Books

Books by Jake Bernstein

Panama Papers Secrecy World BookA two-time Pulitzer Prize-winning journalist takes us inside the world revealed by the Panama Papers, a landscape of illicit money, political corruption, and fraud on a global scale.A hidden circulatory system flows beneath the surface of global finance, carrying trillions of dollars from drug trafficking, tax evasion, bribery, and other illegal enterprises. This network masks the identities of the individuals who benefit from these activities, aided by bankers, lawyers, and auditors who get paid to look the other way.

In Secrecy World, the Pulitzer Prize winning investigative reporter Jake Bernstein explores this shadow economy and how it evolved, drawing on millions of leaked documents from the files of the Panamanian law firm Mossack Fonseca―a trove now known as the Panama Papers―as well as other journalistic and government investigations. Bernstein shows how shell companies operate, how they allow the superwealthy and celebrities to escape taxes, and how they provide cover for illicit activities on a massive scale by crime bosses and corrupt politicians across the globe.

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Jake Bernstein Cheney
Dick Cheney is the most powerful yet most unpopular vice president in U.S. history. He has thrived alongside a president who from day one had little interest in policy and limited experience in the ways of Washington. Yet Cheney’s quiet, steady rise to prominence over a span of three decades occurred largely behind the scenes. Now veteran reporters Lou Dubose and Jake Bernstein reveal the disturbing truth about the man who has successfully co-opted executive control over the U.S. government, serving as the de facto “shadow president” of the most dominant White House in a generation.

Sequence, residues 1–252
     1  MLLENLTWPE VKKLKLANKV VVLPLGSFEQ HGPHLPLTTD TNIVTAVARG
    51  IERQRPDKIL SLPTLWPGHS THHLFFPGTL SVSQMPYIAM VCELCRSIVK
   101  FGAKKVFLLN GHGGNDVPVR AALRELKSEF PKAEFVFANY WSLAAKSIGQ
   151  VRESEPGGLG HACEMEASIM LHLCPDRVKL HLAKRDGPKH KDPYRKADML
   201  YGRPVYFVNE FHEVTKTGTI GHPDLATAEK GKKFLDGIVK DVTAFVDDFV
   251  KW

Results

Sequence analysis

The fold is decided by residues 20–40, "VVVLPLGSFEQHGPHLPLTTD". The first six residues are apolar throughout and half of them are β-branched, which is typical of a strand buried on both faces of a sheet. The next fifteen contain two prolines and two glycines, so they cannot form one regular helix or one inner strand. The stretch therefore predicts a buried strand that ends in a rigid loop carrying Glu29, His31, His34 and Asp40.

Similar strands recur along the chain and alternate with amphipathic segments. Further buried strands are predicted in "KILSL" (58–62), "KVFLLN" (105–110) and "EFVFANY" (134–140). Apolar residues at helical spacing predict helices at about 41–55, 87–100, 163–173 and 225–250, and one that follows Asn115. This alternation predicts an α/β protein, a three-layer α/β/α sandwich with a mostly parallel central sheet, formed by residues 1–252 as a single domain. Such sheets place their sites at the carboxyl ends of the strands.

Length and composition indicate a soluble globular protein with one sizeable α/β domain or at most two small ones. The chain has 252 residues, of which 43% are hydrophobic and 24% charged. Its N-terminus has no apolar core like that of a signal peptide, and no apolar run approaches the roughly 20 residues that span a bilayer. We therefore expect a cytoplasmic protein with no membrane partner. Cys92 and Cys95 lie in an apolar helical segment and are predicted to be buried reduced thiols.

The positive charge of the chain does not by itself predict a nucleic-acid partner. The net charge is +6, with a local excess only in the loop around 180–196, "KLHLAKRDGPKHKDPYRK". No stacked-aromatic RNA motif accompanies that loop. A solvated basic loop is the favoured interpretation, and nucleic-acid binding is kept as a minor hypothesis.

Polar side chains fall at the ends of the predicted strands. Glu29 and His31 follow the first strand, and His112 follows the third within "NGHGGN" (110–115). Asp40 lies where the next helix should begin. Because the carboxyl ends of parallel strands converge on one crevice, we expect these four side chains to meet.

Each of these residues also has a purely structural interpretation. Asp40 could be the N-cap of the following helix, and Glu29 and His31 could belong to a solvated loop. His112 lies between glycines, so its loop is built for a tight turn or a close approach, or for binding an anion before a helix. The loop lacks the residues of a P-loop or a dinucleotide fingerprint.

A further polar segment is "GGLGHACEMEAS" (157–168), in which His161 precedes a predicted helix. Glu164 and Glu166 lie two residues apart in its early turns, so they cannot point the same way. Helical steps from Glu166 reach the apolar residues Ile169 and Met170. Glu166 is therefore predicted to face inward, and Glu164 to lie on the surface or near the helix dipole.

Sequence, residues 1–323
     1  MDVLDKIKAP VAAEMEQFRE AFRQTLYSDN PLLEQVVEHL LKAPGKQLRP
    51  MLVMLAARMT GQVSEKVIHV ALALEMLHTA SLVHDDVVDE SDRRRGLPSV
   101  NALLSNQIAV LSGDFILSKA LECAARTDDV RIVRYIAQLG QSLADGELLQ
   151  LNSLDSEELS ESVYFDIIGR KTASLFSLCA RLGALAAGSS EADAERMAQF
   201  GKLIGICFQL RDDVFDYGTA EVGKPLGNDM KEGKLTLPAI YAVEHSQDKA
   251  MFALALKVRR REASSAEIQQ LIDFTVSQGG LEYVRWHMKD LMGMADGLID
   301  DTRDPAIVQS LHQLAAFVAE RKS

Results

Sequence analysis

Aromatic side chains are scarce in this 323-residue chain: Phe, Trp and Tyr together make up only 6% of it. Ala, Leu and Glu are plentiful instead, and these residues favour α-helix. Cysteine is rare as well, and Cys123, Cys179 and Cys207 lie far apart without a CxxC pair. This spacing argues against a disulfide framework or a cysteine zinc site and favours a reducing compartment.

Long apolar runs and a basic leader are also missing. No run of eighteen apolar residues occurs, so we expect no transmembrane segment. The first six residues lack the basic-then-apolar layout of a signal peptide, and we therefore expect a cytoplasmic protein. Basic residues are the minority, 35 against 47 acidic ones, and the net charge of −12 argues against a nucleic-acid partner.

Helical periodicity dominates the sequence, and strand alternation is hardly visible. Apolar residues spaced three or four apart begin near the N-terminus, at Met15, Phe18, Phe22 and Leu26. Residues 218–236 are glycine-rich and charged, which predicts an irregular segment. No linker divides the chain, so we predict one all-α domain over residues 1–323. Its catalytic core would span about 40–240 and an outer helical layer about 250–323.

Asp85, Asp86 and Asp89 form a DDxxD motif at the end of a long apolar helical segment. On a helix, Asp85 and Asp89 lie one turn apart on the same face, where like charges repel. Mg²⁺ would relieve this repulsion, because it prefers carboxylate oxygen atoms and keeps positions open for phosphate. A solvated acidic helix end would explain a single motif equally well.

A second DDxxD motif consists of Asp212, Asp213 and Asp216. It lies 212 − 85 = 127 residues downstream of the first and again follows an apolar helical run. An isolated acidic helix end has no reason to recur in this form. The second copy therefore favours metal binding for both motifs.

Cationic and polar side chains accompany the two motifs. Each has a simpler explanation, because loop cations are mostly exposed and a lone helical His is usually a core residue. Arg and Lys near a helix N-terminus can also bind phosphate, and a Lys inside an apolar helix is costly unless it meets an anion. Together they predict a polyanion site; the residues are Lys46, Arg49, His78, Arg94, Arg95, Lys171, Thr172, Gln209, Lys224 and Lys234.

The Best Business Writing 2013

2013 best business writing

Part VII: Adventures in Finance

Death Takes a Policy: How a Lawyer Exploited the Fine Print and Found Himself Facing Federal Charges

ProPublica’s Jake Bernstein draws you right into the story of Joe Caramadre with a beautifully crafted description of a Rhode Island lawyer whose avidness for playing the angles may have taken him too far. Did Caramadre sharply exploit a legal loophole to extract a bonanza from an insurance product called a “variable annuity,” or did he commit fraud at the expense of dying people and their families. According to Rhode Island law, Caramadre or one of his clients could buy an annuity on the life of someone who was not expected to live long and then pocket a profit when that person died. A little unsavory, perhaps, but was it also illegal? Insurance companies were losing on that claim in civil suits, but then came criminal charges.

The Best Business Writing 2012

2012 best business writing

Part II. The Financial System and Its Discontents

The “Subsidy”: How a Handful of Merrill Lynch Bankers Helped Blow Up Their Own Firm

When the protesters in the Occupy Wall Street movement gathered in New York’s Zucotti Park in the fall of 2011, they probably didn’t have in mind this particular story by ProPublica, the nonprofit investigative group. But they might well have. In the third installment of a series that won the 2011 Pulitzer Prize for National Reporting, Jake Bernstein and Jesse Eisinger show the extent to which Wall Street pay incentives perverted the financial system toward destructive ends. With remarkable clarity, the story shows that in 2006, as the housing market cooled, executives at a unit of Merrill Lynch that made mortgage bonds resorted to paying off members of another unit to buy securities they realized would soon collapse. The sole purpose: to keep the money-machine going and earn bonuses, no what the eventual cost to the firm or to society.